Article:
A revolutionary gel has helped cure 100% of mice with glioblastoma, one of the deadliest and most common brain tumors in humans.
The new therapy, developed by researchers led by Honggang Cui at Johns Hopkins University, combines an anticancer drug and an antibody in a solution that self-assembles into a gel to fill the tiny grooves left after the surgical removal of a brain tumor.
What makes this therapy so effective is that the gel can reach areas that surgery might miss, killing lingering cancer cells and suppressing tumor growth for good.
A Hydrogel for Hope
The results, published in Proceedings of the National Academy of Sciences, show that the gel also triggers an immune response that helps the mouse's body fight glioblastoma.
When researchers rechallenged surviving mice by introducing new glioblastoma tumors, their immune systems beat cancer without additional medication. In contrast, all mice who came into contact with glioblastoma cancer cells but were treated with no intervention whatsoever died within three weeks.
This shows that the gel seems to not only destroy existing cancer cells but also helps rewire the immune system to discourage recurrence with immunological memory, the researchers said.
Applying the gel directly in the brain without surgical removal of the tumor was still significantly effective, with a 50% survival rate. However, when surgery and the gel are used in tandem, the survival rate was an amazing 100%.
The surgery likely alleviates some of that pressure and allows more time for the gel to activate the immune system to fight the cancer cells," Cui said in a statement.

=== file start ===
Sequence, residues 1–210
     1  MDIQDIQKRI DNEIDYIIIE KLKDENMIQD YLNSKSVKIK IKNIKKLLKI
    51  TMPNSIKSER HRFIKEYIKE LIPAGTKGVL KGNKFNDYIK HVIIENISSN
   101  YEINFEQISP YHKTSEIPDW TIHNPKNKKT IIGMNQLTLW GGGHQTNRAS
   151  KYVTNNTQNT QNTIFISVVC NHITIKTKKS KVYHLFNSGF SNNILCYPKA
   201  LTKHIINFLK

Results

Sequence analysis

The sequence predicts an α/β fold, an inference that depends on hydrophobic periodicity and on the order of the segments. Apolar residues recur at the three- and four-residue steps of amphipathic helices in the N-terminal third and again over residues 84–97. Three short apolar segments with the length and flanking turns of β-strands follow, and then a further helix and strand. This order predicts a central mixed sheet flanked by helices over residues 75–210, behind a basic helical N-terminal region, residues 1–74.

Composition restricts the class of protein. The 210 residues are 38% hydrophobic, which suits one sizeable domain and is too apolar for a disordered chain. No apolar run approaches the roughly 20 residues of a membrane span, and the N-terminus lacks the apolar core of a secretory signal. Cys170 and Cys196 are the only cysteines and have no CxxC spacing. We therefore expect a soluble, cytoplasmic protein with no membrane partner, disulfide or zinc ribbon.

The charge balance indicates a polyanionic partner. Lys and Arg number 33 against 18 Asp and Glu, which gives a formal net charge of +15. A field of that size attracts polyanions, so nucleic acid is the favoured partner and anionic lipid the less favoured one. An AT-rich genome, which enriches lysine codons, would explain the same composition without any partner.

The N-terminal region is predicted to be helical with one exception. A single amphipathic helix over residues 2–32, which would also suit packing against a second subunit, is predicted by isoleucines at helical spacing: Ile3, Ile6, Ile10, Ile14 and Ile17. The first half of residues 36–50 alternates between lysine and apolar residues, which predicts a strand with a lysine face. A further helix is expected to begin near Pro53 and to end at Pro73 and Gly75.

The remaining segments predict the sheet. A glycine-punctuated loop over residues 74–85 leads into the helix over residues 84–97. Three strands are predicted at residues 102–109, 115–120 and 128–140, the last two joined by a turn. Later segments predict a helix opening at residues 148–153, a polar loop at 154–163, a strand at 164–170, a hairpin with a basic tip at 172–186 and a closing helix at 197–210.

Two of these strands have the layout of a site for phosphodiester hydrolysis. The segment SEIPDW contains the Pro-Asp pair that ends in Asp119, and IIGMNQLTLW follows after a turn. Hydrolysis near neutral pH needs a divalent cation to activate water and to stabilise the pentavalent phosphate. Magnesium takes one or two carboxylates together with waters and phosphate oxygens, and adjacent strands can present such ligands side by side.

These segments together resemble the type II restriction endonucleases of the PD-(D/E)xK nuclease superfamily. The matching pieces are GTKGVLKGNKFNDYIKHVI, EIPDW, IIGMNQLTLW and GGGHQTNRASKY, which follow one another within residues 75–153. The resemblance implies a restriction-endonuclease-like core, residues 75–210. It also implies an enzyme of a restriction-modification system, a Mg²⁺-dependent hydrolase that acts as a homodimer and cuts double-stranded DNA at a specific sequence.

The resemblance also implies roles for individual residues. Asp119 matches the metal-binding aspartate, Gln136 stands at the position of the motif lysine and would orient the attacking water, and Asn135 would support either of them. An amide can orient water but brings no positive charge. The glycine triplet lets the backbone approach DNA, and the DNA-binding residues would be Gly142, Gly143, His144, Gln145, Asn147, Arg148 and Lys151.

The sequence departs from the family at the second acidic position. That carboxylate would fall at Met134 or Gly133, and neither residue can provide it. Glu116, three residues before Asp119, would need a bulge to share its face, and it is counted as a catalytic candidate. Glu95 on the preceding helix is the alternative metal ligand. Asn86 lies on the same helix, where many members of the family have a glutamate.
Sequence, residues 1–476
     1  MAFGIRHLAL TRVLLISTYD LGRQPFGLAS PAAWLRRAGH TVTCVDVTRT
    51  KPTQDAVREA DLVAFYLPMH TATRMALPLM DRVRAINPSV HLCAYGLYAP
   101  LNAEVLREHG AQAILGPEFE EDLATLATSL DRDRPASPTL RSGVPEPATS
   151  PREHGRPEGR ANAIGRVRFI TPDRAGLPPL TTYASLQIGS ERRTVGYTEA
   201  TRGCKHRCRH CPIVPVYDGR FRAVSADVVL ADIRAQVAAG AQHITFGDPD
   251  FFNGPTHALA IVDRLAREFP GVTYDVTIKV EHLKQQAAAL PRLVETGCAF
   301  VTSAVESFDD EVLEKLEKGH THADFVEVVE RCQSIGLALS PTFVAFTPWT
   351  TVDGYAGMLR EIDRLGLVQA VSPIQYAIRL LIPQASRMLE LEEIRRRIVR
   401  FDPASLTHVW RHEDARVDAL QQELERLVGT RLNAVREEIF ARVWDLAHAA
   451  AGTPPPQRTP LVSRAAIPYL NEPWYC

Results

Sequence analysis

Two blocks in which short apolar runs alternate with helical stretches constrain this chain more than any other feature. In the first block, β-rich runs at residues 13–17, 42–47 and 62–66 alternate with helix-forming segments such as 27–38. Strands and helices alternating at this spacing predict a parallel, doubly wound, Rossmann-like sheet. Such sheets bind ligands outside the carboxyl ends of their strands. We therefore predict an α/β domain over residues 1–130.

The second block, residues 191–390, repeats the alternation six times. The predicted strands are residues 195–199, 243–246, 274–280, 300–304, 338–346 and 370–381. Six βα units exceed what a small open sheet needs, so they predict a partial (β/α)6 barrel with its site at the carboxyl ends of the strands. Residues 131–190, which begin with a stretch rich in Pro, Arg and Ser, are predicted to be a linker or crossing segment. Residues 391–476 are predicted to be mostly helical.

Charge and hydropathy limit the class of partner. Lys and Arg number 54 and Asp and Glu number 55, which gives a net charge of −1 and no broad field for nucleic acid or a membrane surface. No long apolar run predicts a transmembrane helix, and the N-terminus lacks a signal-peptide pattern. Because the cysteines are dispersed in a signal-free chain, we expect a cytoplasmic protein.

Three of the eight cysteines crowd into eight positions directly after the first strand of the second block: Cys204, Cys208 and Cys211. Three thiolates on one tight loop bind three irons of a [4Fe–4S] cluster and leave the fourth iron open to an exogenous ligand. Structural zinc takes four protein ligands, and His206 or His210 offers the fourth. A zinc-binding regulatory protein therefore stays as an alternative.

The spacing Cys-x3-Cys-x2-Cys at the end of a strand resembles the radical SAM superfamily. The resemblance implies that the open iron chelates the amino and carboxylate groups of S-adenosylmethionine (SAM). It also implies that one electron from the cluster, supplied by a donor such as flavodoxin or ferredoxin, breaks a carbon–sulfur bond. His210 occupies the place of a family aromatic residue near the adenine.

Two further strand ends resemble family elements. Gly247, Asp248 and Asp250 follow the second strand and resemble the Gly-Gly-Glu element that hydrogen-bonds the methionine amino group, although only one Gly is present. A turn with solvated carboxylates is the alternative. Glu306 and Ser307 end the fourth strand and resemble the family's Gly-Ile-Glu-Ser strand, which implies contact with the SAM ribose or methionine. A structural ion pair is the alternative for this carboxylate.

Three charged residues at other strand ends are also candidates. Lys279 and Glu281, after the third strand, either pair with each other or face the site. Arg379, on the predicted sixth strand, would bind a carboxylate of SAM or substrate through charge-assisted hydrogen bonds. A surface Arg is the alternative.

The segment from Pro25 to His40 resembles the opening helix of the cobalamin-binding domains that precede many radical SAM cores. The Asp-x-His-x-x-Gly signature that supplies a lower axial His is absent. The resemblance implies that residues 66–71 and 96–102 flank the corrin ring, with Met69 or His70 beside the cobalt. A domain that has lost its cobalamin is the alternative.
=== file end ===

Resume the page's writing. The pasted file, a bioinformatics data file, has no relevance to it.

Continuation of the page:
The gel solution consists of nano-sized filaments made with paclitaxel, an FDA-approved drug for breast, lung, and other cancers. These filaments also deliver an antibody called aCD47, which suppresses macrophages.
Macrophages are a type of white blood cell that helps protect the body by engulfing and digesting harmful invaders like bacteria and viruses, as well as dead cells and other debris. But despite their vital role in the immune system, macrophages can oftentimes protect and support the growth of cancer cells, which they do not recognize as foreign invaders.
By blanketing the tumor cavity evenly, the gel releases medication steadily over several weeks.
Hope for Glioblastoma Treatment
Right now, glioblastoma is most successfully treated using a combination of brain surgery and Gliadel. The latter is an FDA-approved wafer co-developed by researchers at Johns Hopkins and the Massachusetts Institute of Technology in 1995, made of a biodegradable polymer that also delivers medication into the brain after surgical tumor removal.
The new gel could potentially be a better option because it integrates both anticancer drugs and antibodies. This combination of therapies is difficult to administer simultaneously because of the molecular composition of the ingredients, but the nature of this particular gel makes the delivery work well.
"This hydrogel combines both chemotherapy and immunotherapy intracranially," said Betty Tyler, a co-author and associate professor of neurosurgery at the Johns Hopkins School of Medicine who played a pivotal role in the development of Gliadel. "The gel is implanted at the time of tumor resection, which makes it work really well."
The results achieved with the new gel are some of the most impressive the Johns Hopkins team has seen, said Tyler. "We don't usually see 100% survival in mouse models of this disease. Thinking that there is potential for this new hydrogel combination to change that survival curve for glioblastoma patients is very exciting."
Yet despite the fantastic results so far, the researchers themselves are cautiously optimistic. They emphasize the challenge of translating the gel's results in the lab into therapies that work for people in real-world situations.
"The challenge to us now is to transfer an exciting laboratory phenomenon to clinical trials," said Henry Brem, who co-developed Gliadel in addition to other brain tumor therapies currently in clinical trials.